What we also see with this emergency services levy increase is no additional funds going to emergency services, and that is the case in point here. South Australians are paying more, but they are getting no more as far as emergency services are concerned. This is really just another way for the Labor government in South Australia to rip money out of the back pockets of South Australians. What they are doing is taking money from South Australians and putting it into their own coffers. The money was there, the budget was there, for emergency services. That is not increasing, but more money is coming out of the pockets of South Australians.
What we on this side have proposed to do is put $90 million a year back into the pockets of South Australians by returning the remissions, and that will put money back into the economy. I stress that that money goes into the pockets of individuals and businesses, which will get the economy moving and help generate jobs for South Australians.
We had some good news on seasonally adjusted unemployment figures in this state, but we are still the worst in the nation on trend data. We still have the highest unemployment rate on trend at 6.7 per cent in South Australia, which is the worst in the nation, and we know Holden is going to close later this year. What we are here to do is grow jobs in South Australia. We are here to help businesses, we are here to help them grow, and we are here to help generate more opportunities for South Australians to stay in this state and live a wonderful life.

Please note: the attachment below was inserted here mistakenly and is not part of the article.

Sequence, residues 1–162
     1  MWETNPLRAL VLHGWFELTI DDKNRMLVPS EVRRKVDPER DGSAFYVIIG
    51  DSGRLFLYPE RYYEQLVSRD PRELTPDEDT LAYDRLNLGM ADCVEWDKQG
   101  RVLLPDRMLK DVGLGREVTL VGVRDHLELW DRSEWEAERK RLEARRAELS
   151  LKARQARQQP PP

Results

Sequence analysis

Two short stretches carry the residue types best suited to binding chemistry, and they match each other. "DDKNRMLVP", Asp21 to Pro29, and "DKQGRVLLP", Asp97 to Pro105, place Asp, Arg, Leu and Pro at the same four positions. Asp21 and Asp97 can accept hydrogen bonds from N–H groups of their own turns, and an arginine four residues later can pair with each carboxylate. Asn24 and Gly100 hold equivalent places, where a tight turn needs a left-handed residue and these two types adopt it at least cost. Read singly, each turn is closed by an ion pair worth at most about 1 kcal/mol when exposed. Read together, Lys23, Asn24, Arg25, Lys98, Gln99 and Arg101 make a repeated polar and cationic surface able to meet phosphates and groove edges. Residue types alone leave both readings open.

We know it is a great state. We are being chastised by the eastern seaboard. At the moment, we know South Australia is a great state, but when those on the eastern seaboard look at the figures and the raw numbers, they probably have reason to criticise where we are going as a state, and that is after 15 years of having a state Labor government.
I will be brief so that other members can speak, but these fees and charges, such as the ESL and the high electricity prices, are really hurting businesses, hurting industry and hurting South Australian people. As we look at jobs in South Australia, the underutilisation rate from ABS figures that are out today, it has gone up in South Australia—that is people who are in work, looking for work or people not in work. South Australia has the highest underutilisation rate in the nation at 17.2 per cent, up from 16.4 per cent the previous month.